Shimmer is the term some seem to favor, but that is as may be. The market, as always, will be the judge of shimmer. But shimmy, now.

Grown-ups don’t shimmy. Not grown-up men.

Of course, more and more, as we know, trends are gender-vague, and so be it. But I’m just saying. I suppose professional male dancers shimmy when so directed, in the workplace, but—we won’t get anywhere, here, going into sex differences, because we know what that leads to. Many of the most provocative post-futurists, in fact, are female, and far be it from me.

But I’m just saying, as one who has been around for a while, when you talk shimmy, strictly speaking, you’re talking one of two things: the front end of a motor vehicle or the hips and shoulders of her sister Kate.

Bur you wouldn’t remember that song. I don’t remember it either. I remember people who remembered it.

I spoke with one futurist insider the other day; I won’t give his name, but it would be familiar to anyone who wasn’t born yesterday. And he tossed a copy of the new counterjournal Seer Seen onto the table with such force that it overturned the pork skins. And he said, “I should have seen it coming. Right? Right? So sue me. I don’t need this. Right? What do I need with this?”

I studied the face of that man, who had said so many then-unheard-of things before, and it occurred to me to hope that we will not lose sight of the good old seat-of-the-pants feel for how it looks down the road a piece, as best we can say from where we stand.

The other day I asked a man how old he was, and do you know what he said?

“I’m seventy-two years old already.”

Things happen.


• A greater need for essential trust, mixed with readiness to forgive, in the eyes of the beholder (and a corresponding shortage of it), than ever before.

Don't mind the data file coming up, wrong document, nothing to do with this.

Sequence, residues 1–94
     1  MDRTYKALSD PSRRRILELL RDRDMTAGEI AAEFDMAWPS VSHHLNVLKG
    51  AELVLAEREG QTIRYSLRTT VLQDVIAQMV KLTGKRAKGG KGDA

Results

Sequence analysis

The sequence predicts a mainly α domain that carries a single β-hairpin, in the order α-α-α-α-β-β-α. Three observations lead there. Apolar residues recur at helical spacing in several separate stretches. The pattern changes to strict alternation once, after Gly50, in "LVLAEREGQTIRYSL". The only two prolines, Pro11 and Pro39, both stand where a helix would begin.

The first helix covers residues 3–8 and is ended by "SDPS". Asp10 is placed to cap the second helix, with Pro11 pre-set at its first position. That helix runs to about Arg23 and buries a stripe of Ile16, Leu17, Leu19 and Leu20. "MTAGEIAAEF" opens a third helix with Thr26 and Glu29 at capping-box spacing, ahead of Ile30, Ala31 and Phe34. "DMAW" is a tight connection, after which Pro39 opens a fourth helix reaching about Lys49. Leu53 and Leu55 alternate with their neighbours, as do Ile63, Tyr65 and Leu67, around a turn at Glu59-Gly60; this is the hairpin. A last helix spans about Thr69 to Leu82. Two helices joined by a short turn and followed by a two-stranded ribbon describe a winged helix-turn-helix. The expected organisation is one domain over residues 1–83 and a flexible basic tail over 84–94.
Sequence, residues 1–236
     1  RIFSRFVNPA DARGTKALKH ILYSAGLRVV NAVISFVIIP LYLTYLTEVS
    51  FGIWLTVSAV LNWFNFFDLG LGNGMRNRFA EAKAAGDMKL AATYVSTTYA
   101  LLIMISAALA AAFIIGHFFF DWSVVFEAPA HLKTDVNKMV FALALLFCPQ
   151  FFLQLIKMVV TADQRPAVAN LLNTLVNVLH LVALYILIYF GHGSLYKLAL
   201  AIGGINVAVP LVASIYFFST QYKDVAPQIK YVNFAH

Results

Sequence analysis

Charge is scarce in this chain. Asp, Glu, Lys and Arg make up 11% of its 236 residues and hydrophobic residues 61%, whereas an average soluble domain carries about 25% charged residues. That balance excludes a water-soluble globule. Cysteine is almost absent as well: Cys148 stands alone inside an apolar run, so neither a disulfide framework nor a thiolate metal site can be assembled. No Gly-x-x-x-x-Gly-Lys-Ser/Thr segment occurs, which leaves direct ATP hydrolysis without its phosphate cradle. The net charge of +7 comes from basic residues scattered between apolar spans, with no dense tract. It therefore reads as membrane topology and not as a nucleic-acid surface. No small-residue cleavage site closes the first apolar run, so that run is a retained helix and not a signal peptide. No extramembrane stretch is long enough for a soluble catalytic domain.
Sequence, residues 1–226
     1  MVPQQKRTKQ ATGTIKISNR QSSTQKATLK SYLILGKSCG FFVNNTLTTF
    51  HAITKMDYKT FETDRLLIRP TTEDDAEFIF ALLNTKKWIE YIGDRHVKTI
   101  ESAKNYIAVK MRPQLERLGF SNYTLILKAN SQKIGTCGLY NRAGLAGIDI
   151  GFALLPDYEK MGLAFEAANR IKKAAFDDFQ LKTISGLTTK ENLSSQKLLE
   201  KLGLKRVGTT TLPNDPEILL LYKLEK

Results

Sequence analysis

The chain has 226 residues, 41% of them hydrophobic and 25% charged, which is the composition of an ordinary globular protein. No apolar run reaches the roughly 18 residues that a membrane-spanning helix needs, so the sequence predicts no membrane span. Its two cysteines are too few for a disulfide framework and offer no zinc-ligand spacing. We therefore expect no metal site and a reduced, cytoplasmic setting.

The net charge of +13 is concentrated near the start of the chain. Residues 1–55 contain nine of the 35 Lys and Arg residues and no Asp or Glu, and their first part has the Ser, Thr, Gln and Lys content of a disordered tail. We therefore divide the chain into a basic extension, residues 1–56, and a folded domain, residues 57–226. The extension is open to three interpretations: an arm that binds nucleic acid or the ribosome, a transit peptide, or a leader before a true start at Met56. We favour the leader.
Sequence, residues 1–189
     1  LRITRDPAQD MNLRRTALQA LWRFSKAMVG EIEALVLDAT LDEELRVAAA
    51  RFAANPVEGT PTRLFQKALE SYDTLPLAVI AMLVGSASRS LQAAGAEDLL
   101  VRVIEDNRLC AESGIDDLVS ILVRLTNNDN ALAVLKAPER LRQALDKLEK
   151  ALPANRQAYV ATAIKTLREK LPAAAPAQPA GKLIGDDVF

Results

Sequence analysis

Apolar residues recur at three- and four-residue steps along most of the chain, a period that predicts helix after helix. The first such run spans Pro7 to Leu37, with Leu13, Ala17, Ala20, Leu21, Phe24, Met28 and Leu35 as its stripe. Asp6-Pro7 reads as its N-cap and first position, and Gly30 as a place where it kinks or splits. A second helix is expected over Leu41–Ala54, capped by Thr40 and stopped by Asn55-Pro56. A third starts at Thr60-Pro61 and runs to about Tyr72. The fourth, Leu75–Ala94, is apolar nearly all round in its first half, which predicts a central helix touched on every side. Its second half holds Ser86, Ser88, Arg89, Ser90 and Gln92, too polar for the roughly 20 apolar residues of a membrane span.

• A recognition, in terms of the market, of the need to lead the bitter to the sweet—as we used to say—rather than, as in the past, the other way around. Though back before that, it was the same way around then, too, but that’s going way back, oh, I don’t rightly know how long. It would’ve been before Binnie died, because he was with Tocomeco and they had that logo back then, remember, old man Blodwold drew it? With a felt-tip pen? No, wait, we didn’t have felt-tip pens. Drew it with an old smudgy Rapermate ball-point that you clicked in and out.

You don’t see those much anymore, do you, those wonky ball-points that click in and out. Little spring in there. I remember one time in school, I was sitting next to Bird Noles and he sat behind Lianne McGehee, who was so prissy, and Bird, you know, he talked like he had his finger up his nose—excuse me—even when he didn’t, and Lianne was wearing this summer dress that revealed quite a lot of her back. And I could see old Bird looking at it, and looking at it, and thinking to himself, and thinking to himself, and clicking that old ballpoint pen of his — they were new then—in and out, and finally he just couldn’t stand it any longer. He tapped on old Lianne’s bare shoulder and she rolled her eyes the way she did and kind of halfway looked around at him, and he said, “Err. Snrrk. Kin I draw uh eeeagle on your back?” Said it just like that, you know. “Kin I draw uh eeeagle on your back?”

The things we remember. Of course she didn’t let him. Not Lianne McGehee. She would be forty-eight now.

• Buy. Buy something. It doesn’t have to be much. That’s where a lot of people get sidetracked. It can be just a tiny handful of micro circuit breakers, or whatever you call them, no larger than an active person’s hand. But if you don’t buy, then I don’t buy, she doesn’t buy, he doesn’t buy, and it snowballs and builds until there goes the future. Let’s don’t say a handful of micro circuit breakers. Let’s say a handful of dreams. I don’t think I can impress this upon you enough. By that I mean I believe I can say with confidence that if I end on this note, with a rising intonation, you will like it. □